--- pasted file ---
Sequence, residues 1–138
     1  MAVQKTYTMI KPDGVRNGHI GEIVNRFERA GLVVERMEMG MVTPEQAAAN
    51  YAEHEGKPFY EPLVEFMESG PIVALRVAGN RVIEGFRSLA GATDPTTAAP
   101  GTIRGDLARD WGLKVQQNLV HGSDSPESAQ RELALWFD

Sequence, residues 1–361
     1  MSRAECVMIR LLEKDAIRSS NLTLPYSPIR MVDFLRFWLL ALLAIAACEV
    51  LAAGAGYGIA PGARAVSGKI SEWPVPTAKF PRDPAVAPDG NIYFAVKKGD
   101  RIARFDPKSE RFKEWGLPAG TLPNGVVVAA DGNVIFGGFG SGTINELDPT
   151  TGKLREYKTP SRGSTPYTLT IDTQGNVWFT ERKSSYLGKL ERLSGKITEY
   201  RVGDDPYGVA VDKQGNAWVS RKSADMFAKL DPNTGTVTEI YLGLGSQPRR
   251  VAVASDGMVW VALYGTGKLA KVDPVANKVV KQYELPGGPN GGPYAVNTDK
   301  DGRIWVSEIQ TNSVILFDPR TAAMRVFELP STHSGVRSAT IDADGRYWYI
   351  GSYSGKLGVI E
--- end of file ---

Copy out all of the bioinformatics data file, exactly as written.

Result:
Sequence, residues 1–138
     1  MAVQKTYTMI KPDGVRNGHI GEIVNRFERA GLVVERMEMG MVTPEQAAAN
    51  YAEHEGKPFY EPLVEFMESG PIVALRVAGN RVIEGFRSLA GATDPTTAAP
   101  GTIRGDLARD WGLKVQQNLV HGSDSPESAQ RELALWFD

Sequence, residues 1–361
     1  MSRAECVMIR LLEKDAIRSS NLTLPYSPIR MVDFLRFWLL ALLAIAACEV
    51  LAAGAGYGIA PGARAVSGKI SEWPVPTAKF PRDPAVAPDG NIYFAVKKGD
   101  RIARFDPKSE RFKEWGLPAG TLPNGVVVAA DGNVIFGGFG SGTINELDPT
   151  TGKLREYKTP SRGSTPYTLT IDTQGNVWFT ERKSSYLGKL ERLSGKITEY
   201  RVGDDPYGVA VDKQGNAWVS RKSADMFAKL DPNTGTVTEI YLGLGSQPRR
   251  VAVASDGMVW VALYGTGKLA KVDPVANKVV KQYELPGGPN GGPYAVNTDK
   301  DGRIWVSEIQ TNSVILFDPR TAAMRVFELP STHSGVRSAT IDADGRYWYI
   351  GSYSGKLGVI E